As though the difficulties of the EU textile industry weren’t enough, the domestic market has sharply contracted as the effects of the global financial crisis reach into the European economy. Apparel retail sales – a bellwether of economic conditions in Europe -- have faltered as recession has tightened its grip on the spending habits of consumers.

Not surprisingly, consumer sentiment in Europe remains bearish, with consumer confidence falling to near-record lows.

5. Rest of the world
Overcapacity has plagued the global textile industry for years and 2008 was no exception. This problem of overcapacity manifested itself in recent years with sharp reductions in the industries of the US, EU and Japan – the developed countries. Now, however, it appears that developing countries will also face the brunt of declining demand for their products and hence reductions in the size of their overall industries.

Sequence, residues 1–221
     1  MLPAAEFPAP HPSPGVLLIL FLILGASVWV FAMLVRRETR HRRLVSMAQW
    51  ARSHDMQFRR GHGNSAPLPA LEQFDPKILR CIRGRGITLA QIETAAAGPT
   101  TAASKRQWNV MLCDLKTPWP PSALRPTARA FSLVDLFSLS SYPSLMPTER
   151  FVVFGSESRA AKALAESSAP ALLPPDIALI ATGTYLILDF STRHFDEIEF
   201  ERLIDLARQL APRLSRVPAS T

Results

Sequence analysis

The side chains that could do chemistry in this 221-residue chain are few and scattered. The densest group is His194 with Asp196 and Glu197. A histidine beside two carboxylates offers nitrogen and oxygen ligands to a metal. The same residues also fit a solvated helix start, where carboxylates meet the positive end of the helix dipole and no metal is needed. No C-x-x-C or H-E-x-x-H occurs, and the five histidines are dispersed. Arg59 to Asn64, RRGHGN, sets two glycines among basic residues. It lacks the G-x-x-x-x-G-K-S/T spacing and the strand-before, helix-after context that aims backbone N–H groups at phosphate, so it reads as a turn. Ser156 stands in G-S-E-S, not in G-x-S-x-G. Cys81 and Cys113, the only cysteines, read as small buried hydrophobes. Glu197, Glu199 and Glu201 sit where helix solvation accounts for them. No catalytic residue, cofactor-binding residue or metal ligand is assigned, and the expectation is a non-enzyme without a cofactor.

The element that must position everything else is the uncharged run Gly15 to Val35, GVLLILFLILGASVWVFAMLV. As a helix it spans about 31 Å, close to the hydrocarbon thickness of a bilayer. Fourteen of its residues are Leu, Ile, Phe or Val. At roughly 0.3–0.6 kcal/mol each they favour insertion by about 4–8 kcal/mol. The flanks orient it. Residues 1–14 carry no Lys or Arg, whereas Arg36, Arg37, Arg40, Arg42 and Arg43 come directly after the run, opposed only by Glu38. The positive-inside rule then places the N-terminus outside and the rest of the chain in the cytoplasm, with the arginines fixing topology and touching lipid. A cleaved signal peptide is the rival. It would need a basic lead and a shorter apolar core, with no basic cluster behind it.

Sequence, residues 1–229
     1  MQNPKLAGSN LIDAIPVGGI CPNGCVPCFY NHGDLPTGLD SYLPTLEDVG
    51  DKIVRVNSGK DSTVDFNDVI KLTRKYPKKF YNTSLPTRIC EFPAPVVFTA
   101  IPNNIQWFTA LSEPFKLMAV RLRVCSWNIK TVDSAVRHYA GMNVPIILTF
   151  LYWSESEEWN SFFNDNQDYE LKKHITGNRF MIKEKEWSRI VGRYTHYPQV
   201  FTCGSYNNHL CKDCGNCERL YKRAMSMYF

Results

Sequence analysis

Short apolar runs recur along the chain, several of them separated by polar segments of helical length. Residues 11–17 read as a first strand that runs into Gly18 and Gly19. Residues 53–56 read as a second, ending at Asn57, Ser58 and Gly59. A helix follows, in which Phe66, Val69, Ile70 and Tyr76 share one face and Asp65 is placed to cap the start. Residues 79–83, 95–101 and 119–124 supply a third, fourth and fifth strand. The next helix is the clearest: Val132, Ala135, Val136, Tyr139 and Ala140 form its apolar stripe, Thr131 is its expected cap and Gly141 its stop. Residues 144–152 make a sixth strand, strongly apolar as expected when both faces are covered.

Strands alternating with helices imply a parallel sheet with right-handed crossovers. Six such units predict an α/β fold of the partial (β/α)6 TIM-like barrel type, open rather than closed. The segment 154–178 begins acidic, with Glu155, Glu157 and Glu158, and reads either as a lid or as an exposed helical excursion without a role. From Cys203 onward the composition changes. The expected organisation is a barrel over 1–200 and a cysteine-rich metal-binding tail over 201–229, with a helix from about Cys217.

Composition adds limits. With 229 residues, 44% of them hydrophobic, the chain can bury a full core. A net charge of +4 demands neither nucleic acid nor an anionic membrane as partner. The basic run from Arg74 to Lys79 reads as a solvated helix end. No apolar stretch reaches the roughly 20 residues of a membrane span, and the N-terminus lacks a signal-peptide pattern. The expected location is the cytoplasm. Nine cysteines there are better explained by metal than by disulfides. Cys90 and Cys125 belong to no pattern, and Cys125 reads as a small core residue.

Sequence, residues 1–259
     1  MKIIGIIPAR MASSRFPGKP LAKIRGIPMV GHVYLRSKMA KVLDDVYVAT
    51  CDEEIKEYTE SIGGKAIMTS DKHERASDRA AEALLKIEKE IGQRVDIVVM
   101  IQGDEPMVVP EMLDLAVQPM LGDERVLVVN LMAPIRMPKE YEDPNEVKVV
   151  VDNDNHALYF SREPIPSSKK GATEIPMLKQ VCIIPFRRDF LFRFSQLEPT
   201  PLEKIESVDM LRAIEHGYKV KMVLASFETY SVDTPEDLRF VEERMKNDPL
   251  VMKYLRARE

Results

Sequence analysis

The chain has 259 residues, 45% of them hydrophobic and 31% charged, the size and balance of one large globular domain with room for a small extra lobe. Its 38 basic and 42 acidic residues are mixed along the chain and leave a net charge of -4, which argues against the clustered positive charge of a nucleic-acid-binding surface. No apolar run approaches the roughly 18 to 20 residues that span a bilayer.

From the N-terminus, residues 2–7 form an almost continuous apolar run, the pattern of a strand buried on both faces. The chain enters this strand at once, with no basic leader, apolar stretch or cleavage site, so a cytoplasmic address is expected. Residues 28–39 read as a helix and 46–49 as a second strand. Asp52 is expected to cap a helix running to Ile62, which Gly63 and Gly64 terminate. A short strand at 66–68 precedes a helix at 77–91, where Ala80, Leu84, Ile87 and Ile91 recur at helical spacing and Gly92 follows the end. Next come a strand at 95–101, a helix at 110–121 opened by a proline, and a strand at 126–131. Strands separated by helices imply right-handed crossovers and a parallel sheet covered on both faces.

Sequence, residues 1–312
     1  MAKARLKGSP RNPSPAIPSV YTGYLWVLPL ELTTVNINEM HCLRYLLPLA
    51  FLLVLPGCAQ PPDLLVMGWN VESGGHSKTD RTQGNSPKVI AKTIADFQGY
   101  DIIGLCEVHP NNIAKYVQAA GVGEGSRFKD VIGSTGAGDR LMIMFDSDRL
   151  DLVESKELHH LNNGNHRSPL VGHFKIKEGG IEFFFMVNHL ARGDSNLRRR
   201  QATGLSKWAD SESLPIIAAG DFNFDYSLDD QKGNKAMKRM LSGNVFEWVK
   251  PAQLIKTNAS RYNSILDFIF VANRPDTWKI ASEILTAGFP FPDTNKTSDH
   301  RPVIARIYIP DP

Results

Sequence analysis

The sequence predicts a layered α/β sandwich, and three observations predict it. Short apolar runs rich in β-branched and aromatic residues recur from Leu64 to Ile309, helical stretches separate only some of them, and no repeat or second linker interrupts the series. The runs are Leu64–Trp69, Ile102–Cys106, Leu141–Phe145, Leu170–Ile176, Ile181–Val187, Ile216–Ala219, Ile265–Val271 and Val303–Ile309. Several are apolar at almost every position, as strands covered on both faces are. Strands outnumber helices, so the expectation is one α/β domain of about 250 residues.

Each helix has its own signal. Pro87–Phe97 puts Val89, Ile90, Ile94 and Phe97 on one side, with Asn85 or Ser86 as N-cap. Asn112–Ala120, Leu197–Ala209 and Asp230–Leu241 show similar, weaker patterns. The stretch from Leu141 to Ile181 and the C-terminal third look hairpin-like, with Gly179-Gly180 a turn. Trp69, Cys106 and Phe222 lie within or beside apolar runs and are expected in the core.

Yet despite the difficult environment for manufacturers and exporters around the world, some suppliers have shown remarkable resiliency. For example, Vietnam, Bangladesh and Honduras are all enjoying an export boom of sorts even as China and India struggle to maintain their footing in the global markets. Whereas U.S. imports of apparel from China and India declined by 2.5 percent and 1.0 percent, respectively, imports from Vietnam soared by 22 percent, Honduras rose by 11.2 percent and Bangladesh by 5.0 percent.

The Future
So what does the future hold? Will 2008 be just a bad memory or will it stay around like a bad hangover? Will the volatility ease? If history is any indication, periods of commodity volatility is typically followed by periods of relative calm. Although traders may fret over day-to-day or even hour-to-hour fluctuations of a market, when it’s possible to catch one’s breath and look at the market a calming effect has always seemed to follow periods of instability. Remember earlier this decade when cotton prices fluctuated with the frequency of paint drying? Those days may return.